Context: Recently, the United Nations Secretariat held a meeting of the “6+2+1” group on regional efforts to support peace in Afghanistan.

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  • “6+2+1” group includes six neighbouring countries of Afghanistan: China, Iran, Pakistan, Tajikistan, Turkmenistan and Uzbekistan; global players the United States and Russia, and Afghanistan itself. 
  • India was conspicuous by its absence from the meeting.

Timeline of Afghanistan conflict and peace process:

US-led invasion

  • 2001 - US-led bombing of Afghanistan begins following the September 11 attacks on the United States. Anti-Taliban Northern Alliance forces enter Kabul shortly afterwards.
  • Bonn agreement: The Bonn Agreement was signed on December 5, 2001 by representatives of several different anti-Taliban factions and political groups. 
    • Afghan groups agree to a deal in Bonn, Germany for interim government. Hamid Karzai is sworn in as head of an interim power-sharing government.
  • 2002 - Deployment of first contingent of foreign peacekeepers - the Nato-led International Security Assistance Force (ISAF) - marking the start of a protracted fight against the Taliban.


  • 2004 - Loya Jirga adopts a new constitution which provides for a strong presidency. In the Presidential elections, Hamid Karzai is declared the winner.
  • 2014 - The two rivals for the Afghan presidency, Ashraf Ghani and Abdullah Abdullah, sign a power-sharing agreement, following a two-month audit of disputed election results. Ashraf Ghani is sworn in as president.

Nato ends combat mission

  • 2014 - NATO formally ends its 13-year combat mission in Afghanistan, handing over to Afghan forces. Despite the official end to Isaf's combat role, violence persists across much of the country, with 2014 said to be the bloodiest year in Afghanistan since 2001.
    • The London Conference on Afghanistan took place in December 2014, co-hosted by the governments of the UK and Afghanistan. It was convened to secure international support for Afghanistan’s development
  • 2015 - NATO-led follow-on mission "Resolute Support" gets underway, with some 12,000 personnel to provide further training and support for Afghan security forces.
  • 2017- Military stalemate between the US and Taliban in Afghanistan because the Taliban enjoys safe havens and secure sanctuaries in Pakistan.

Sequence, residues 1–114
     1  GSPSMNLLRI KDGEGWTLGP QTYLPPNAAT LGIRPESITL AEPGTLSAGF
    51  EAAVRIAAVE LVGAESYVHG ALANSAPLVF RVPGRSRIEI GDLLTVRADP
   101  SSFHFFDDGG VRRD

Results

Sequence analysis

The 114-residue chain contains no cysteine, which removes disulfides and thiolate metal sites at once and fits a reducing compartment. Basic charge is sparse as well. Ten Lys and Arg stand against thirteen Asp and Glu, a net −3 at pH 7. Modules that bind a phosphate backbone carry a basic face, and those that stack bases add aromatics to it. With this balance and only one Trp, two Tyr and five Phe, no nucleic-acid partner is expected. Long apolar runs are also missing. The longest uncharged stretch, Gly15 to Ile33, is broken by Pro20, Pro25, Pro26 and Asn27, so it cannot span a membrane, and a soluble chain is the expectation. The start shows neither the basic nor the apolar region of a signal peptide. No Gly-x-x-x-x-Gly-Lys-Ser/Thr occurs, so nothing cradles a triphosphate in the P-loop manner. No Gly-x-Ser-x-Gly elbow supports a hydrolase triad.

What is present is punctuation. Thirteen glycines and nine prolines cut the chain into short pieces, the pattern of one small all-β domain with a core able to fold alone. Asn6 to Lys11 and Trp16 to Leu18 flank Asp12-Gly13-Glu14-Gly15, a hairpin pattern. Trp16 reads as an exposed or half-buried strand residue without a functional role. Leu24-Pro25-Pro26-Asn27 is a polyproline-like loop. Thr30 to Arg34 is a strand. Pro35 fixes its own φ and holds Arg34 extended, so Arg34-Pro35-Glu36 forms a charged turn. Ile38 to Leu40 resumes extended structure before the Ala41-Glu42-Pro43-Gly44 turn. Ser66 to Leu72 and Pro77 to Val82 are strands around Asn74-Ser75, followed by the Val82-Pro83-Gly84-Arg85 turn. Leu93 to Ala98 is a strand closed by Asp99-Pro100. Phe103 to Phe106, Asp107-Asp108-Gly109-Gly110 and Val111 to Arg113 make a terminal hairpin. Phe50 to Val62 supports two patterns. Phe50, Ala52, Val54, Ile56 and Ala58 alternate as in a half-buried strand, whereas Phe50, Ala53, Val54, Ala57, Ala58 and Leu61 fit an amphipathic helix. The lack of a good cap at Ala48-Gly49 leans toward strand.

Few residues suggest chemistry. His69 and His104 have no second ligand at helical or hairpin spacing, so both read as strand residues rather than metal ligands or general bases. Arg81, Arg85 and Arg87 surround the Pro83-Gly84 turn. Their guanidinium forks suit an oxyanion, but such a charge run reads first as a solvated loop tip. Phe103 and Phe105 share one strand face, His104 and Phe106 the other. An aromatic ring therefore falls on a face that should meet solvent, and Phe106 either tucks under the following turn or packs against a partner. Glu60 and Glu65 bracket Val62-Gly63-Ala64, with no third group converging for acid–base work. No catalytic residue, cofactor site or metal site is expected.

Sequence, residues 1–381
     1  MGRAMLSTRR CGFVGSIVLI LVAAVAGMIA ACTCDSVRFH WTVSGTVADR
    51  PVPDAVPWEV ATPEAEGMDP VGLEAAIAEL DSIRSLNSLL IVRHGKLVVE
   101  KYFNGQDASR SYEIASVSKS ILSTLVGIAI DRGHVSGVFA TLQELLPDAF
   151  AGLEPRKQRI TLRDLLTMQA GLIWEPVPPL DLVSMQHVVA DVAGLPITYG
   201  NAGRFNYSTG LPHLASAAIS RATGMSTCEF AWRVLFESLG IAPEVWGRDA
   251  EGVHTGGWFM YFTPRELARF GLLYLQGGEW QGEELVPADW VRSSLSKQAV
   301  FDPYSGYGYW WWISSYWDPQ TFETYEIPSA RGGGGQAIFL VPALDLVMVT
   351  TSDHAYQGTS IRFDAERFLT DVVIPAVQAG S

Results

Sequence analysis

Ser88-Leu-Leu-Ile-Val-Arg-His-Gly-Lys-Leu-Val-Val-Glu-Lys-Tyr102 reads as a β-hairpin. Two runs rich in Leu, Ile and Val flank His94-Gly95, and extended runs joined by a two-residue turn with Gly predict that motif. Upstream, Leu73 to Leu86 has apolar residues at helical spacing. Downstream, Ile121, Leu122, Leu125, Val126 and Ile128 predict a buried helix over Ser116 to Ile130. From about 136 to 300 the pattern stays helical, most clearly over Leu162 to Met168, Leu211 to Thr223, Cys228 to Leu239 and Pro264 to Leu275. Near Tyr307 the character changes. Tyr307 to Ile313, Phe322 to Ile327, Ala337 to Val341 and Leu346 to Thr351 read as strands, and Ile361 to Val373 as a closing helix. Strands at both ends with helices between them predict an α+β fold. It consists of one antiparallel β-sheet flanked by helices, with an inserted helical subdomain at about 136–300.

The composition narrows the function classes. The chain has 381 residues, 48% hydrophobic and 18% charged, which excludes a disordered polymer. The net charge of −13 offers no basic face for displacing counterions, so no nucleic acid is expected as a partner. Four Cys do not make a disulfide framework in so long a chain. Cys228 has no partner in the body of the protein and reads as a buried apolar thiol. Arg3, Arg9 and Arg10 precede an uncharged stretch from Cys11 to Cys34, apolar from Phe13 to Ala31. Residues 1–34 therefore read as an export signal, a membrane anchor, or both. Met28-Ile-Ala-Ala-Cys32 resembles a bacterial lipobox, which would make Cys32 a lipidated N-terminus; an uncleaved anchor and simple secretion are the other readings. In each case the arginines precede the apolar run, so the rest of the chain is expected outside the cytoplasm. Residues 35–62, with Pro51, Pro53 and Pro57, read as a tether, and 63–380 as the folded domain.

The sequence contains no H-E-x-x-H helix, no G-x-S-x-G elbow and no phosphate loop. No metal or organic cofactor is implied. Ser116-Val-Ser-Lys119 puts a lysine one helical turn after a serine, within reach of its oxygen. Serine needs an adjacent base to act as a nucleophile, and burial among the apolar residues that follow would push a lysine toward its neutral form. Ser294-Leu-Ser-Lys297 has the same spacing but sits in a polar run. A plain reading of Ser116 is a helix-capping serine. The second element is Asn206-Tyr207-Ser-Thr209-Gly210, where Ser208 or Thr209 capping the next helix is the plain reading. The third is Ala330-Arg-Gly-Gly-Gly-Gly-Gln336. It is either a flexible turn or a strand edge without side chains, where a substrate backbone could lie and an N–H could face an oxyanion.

• A three-way peace negotiation starts
    • First was the Doha track with the Taliban
    • A second was with Islamabad/Rawalpindi and 
    • The third was with Kabul to ensure that the Afghan government would accept the outcome. 
    • Taliban and Pakistan negotiated as a team. 
  • USA’s four objectives: a ceasefire, an intra-Afghan peace dialogue, cutting ties with terrorist organisations such as al-Qaeda, and finally, U.S. troop withdrawal.

USA-Taliban pact signed:

  • 2020 - A pact is signed between the “Islamic Emirate of Afghanistan which is not recognized by the United States as a state and is known as the Taliban and the US”

Instances of India’s non participation in Afghan peace process:

  • In January 2010, India was invited to attend the “London Conference” on Afghanistan, but left out of the room during a crucial meeting that decided on opening talks with the Taliban.
  • In 2020, the reason given for keeping India out of regional discussions on Afghanistan was that it holds no “boundary” with Afghanistan; but in fact it is because New Delhi has never announced its support for the U.S.-Taliban peace process. 

How India influenced the Afghan peace process?

  • At the Bonn agreement, India ensured that Northern Alliance leaders came to a consensus to accept Hamid Karzai as the Chairman of the interim arrangement that replaced the Taliban regime. 
  • In 2011, Prime Minister Manmohan Singh and Afghanistan President Karzai signed the historic Strategic Partnership Agreement, which was Afghanistan’s first such agreement with any country.

India’s stance in Afghanistan Peace Process: It has been firmly backing the Afghan government in Kabul headed by President Ashraf Ghani for a process led, controlled and owned by the Afghans. 

  • This comes against the backdrop of India’s belief that Pakistan wields considerable influence over the Taliban.
  • A Pakistan controlled pact will also directly threaten India’s interests in Jammu and Kashmir. Ever since the US-Taliban negotiations began, India has worked with the Ghani regime to strengthen its legitimacy so that it could not be compelled to accept an asymmetrical power-sharing arrangement with the Taliban.

India’s soft power engagements with Afghanistan: The building blocks of India’s goodwill are it’s assistance in infrastructure projects, health care, education, trade and food security, and also in the liberal access to Afghans to study, train and work in India.